Government and industrial leaders have been desperate to gather accurate data that would better predict typhoon activity – months, if not years, in advance.

But that data is limited now and the best scientists can do now is guess because of technological limits.

To improve forecasting, the Chinese government has deployed a large number of buoys measuring wind and water temperatures, among other data points, in the western Pacific Ocean. But it might take decades to produce a large quantity of detailed data to guard against storms well before they hit, Zhou said.

Zhou’s work is funded by the government. His team is examining the likely strength and frequency of future typhoons to estimate their possible impact on China’s coastal infrastructure. The research is ongoing, and no results have been released yet.

“Preliminary results are alarming,” he said.

His team hopes to produce reliable annual forecasts that could be a reference for government and businesses. For now, that plan is “mission impossible” because of technological constraints.

Wang Yuan, a leading typhoon expert at Nanjing University in Jiangsu , said that once a year the government invited leaders of many research centres to meet in Beijing to share estimates of extreme weather patterns in the coming year.

The state scientists had raw data and reliable mathematical models to predict droughts and floods, but there had been little information and few reliable models to predict typhoons, Wang said.

“With current technology, any estimate of a typhoon beyond 15 days is a wild guess. Some people are trying [to create] two-week forecasts, but they have largely remained experimental,” he said.

Scientific predictions have been limited by the lack of data about typhoons, said Wu Lixin, a professor with the Physical Oceanography Laboratory in the Ocean University of China in Qingdao, Shandong.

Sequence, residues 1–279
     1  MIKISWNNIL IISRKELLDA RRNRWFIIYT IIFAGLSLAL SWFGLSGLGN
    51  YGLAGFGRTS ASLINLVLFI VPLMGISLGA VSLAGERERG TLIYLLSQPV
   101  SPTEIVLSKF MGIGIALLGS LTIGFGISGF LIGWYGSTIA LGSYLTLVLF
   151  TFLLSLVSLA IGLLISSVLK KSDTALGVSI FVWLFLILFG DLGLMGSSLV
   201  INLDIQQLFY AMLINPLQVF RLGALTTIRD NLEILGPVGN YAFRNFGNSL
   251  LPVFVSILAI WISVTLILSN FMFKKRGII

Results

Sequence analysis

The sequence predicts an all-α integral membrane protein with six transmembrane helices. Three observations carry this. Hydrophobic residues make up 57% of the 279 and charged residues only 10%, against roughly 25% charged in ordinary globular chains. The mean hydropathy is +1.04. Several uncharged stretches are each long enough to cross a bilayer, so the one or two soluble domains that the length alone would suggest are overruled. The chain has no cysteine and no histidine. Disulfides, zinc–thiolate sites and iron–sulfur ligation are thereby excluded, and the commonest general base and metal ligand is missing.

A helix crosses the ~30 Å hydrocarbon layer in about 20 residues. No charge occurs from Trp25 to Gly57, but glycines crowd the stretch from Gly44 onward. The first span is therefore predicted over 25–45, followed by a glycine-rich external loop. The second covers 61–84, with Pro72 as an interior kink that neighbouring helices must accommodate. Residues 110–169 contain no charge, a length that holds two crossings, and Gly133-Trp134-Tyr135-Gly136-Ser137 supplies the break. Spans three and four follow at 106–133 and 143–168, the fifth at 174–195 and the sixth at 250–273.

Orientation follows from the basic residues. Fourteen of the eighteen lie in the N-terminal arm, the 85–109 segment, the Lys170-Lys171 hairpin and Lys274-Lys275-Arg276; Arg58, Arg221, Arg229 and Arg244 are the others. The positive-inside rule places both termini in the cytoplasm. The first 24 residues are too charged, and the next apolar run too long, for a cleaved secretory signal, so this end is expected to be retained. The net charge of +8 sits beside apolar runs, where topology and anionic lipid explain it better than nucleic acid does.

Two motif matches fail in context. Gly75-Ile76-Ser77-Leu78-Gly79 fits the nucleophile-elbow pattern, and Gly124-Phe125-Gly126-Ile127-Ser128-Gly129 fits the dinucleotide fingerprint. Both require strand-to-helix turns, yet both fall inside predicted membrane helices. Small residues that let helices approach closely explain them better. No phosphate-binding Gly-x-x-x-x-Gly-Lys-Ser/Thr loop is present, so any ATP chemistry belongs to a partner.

The storms’ internal structures are not well understood because satellites had difficulty seeing through thick clouds, he said. Observational buoys in the western Pacific have been unable to provide high-resolution images – a direct result of minimal investment by the government, Wu said.

“We need not only sensors on the [ocean’s] surface but underneath the water to get a full picture of a typhoon’s formation, and we need a lot of them,” he said.

To model weather patterns, scientists need long-term data and the information collected by Chinese buoys might take decades to become useful, Wu said.

Scientists have urged governments to better prepare for stronger and more numerous storms. They warn it will be costly to buttress, repair and rebuild energy facilities, especially wind farms and offshore oil and gas platforms, across the region.

13 Nov 2013

A stark reminder of the potential damage from storms to offshore facilities. Wind farms in Shanwei were devastated by Sky Rabbit in September 2013. (CCTV/SCMP)

Researching typhoon behavior may be difficult, but one thing is for certain: building an incinerator and toxic ash lagoons offshore is the worst way of showing a lack of preparation for such storms. It would even be more ironic when, given the high production of greenhouse gases from incinerators, that the operation of an incinerator at Shek Kwu Chau should contribute to ocean warming and, in the end, lead to its own stormy disaster.